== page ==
Your thoughts on this story?

I’ll be 40 in a few months and am just starting my pre-reqs for medical school. With some hard work and a bit of luck, I hope to be enrolled in med school by fall 2010.

As I’m breaking this news to friends and family, I hear a mixture of “Hey, we’re happy for you” to “Geez, it’s a mistake.”

Stuff I’m sure everyone has heard before and has consumed a lot of bandwidth on this forum.

What I am interested is in the money situation. Not the money involved in surviving through school itself, but the money that does or doesn’t come flowing in once you’re done with residency.

As altruistic as I’d like to think my goals are, there is also the practical reality of a return on my investment of time and the loss of salary that my family will have to sacrifice on MY behalf. I least owe it to them to be able to have some sort of carrot dangling at the end of this.

From the salary surveys I’ve seen, that doesn’t appear to be much of an issue. Then, a friend shared this with me this morning:

"My sister X got a degree in nursing right out of high school. She worked as a nurse in the hospital in Y, the town were my parents live.

She then decided to get a masters in nursing and when to Z-University to complete that then returned to Y where she got a job at the same hospital as an ER nurse. She did that for 10 years and because it was a small ER with only one doctor and 2 nurses on duty, she was forced to do a lot of work that the doc’s normally do…Like “close up”, stitches, minor surgery, etc.

After 10 years she decided she wanted to become an ER doc so she went back to school and continued to work (like you want to do)…

And got the pre-req’s. She then applied to med schools. My sister X has never gotten anything less then an “A” in school…Even when she was pregnant and gave birth in college…she had her son over spring break and still got A’s…I think she applied to about 10 med schools and got rejected by all but one or two…one of which was Stanford….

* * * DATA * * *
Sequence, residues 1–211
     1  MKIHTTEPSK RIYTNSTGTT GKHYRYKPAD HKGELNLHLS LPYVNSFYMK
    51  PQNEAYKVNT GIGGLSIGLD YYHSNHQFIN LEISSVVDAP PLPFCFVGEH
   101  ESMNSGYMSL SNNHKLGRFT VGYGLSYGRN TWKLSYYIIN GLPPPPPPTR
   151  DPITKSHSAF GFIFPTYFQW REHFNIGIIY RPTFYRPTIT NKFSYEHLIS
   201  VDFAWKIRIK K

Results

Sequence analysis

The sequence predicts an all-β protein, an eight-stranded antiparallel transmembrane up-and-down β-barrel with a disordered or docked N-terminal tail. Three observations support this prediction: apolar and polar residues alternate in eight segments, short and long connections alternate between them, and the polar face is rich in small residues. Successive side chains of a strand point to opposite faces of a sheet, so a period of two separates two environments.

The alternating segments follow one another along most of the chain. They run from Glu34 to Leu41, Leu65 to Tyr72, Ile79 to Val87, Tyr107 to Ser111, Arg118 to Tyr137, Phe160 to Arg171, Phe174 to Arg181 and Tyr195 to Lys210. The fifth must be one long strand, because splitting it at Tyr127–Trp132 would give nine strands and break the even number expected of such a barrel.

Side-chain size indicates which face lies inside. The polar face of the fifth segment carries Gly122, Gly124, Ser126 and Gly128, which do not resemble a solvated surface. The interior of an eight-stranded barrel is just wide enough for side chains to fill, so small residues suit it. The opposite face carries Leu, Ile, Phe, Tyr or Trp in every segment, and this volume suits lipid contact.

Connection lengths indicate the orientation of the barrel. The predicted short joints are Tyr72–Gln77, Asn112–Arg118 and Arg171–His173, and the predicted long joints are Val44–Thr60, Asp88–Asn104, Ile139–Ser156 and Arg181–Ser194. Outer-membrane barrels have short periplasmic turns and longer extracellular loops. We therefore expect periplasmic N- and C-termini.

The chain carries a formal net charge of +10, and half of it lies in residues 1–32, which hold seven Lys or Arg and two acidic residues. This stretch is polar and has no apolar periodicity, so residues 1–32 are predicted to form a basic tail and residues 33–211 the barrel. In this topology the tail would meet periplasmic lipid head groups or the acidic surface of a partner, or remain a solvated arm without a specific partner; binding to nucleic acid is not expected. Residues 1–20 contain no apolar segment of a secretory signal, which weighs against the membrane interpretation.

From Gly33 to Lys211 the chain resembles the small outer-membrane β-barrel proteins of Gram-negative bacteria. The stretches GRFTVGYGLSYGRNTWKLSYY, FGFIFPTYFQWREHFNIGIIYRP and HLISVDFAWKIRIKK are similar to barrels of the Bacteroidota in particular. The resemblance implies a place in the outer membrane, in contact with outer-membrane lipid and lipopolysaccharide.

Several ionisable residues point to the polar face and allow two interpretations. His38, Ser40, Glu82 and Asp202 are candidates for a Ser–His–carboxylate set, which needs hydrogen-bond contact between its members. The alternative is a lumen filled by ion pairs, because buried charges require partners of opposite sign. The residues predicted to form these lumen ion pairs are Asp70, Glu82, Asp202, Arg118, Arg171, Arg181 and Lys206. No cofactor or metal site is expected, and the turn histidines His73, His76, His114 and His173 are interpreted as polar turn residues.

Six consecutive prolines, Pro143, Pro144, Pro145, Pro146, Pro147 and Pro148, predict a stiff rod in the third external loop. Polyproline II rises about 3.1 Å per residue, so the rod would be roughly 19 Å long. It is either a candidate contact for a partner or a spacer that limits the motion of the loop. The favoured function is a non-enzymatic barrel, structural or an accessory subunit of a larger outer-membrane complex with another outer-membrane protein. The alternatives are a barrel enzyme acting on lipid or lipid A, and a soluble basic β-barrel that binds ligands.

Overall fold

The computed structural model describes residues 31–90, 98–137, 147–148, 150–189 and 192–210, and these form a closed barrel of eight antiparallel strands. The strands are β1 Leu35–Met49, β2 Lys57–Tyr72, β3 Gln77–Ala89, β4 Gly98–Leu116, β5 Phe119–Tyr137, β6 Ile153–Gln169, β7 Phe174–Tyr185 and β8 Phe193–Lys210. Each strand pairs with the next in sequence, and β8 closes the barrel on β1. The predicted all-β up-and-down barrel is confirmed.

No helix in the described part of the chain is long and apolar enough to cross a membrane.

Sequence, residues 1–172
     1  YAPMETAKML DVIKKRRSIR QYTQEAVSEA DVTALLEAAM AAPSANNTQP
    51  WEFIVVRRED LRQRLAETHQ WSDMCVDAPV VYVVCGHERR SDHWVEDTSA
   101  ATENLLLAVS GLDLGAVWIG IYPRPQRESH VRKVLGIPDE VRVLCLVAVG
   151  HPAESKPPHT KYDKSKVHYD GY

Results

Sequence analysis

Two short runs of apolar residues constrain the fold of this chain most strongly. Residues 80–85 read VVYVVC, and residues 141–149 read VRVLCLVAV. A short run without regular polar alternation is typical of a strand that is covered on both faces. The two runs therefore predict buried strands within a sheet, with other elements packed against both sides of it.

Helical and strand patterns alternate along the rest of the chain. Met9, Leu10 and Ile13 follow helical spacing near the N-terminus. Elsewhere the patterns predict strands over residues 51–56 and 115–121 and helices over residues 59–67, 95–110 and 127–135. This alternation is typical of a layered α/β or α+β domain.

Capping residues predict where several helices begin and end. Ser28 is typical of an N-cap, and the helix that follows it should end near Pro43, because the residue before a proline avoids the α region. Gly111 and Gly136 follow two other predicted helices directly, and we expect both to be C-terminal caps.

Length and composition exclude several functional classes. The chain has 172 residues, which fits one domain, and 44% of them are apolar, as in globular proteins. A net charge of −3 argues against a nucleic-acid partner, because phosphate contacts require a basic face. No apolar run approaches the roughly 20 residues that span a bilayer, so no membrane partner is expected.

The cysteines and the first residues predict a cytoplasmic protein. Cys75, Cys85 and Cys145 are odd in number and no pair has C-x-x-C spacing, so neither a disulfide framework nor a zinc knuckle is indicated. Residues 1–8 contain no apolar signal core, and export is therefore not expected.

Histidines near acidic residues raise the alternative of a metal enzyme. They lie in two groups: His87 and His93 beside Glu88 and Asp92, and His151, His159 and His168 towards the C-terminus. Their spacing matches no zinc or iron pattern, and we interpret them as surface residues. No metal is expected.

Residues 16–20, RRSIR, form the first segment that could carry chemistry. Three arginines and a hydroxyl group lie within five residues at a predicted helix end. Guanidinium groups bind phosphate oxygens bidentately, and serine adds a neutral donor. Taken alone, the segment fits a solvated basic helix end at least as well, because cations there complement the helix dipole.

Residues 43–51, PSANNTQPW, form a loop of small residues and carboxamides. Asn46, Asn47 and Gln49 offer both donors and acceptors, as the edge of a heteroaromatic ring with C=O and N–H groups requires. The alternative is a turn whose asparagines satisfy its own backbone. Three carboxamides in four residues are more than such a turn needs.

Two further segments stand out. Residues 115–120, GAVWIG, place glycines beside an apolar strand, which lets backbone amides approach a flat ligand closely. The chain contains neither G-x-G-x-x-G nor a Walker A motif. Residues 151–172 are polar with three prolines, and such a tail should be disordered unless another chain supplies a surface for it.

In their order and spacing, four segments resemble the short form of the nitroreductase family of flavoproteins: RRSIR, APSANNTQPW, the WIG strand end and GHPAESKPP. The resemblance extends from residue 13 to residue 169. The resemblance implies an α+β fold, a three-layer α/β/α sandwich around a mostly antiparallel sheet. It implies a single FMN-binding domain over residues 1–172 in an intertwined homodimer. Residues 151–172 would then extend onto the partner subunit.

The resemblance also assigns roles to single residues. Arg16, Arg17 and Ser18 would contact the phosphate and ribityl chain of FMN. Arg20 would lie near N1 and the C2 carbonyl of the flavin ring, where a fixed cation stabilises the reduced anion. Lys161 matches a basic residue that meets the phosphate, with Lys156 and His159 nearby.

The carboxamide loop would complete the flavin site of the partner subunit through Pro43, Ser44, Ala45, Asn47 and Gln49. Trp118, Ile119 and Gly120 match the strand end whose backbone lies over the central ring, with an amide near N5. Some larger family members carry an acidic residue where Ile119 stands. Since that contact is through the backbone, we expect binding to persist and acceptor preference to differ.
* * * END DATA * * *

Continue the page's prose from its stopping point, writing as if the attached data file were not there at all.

Stanford said 'We will accept you but we want to be really clear that we believe this is a bad idea on your part…You will never recover the money you spend on what you are going to spend on med school because you are starting to late in life.'…

Basically they told her she was too old…I believe at the time she was 37 years old.

With that info she elected not to go to med school and instead decided to become a nurse practioner. I think that took 2 years and she has never been happier and has been a RNP for about 10+ years.

If all goes well, I'll be 50 when I've completed my residency and figure I'll have at least another 15-20 years to work.

Can a family practitioner pay off the $150K in debt and still make a decent living?


“Stanford said 'We will accept you but we want to be really clear that we believe this is a bad idea on your part…You will never recover the money you spend on what you are going to spend on med school because you are starting to late in life.'…

Basically they told her she was too old…I believe at the time she was 37 years old.”

(Sorry about doing quotes this way, but none of my browsers are able to “see” a “quote” icon to do it in the “normal” way.)

I don’t know about the rest of this story, but I do know that if this allegedly happened between 1990 through 1999, there is no way that this is true. The financial aid office may had a conversation that went something like that (the person in that role is long gone) but the Admissions office never made a comment like that. And “we” (that during my tenure as Asst. Dir.) admitted more than the average number of non-trads for that period in history. Even people in their 40s. :slight_smile:



The salary surveys I have seen put FPs at about $140K or $150K in their 1st year out of residency. These are national averages; it’s lower in some places, higher in others.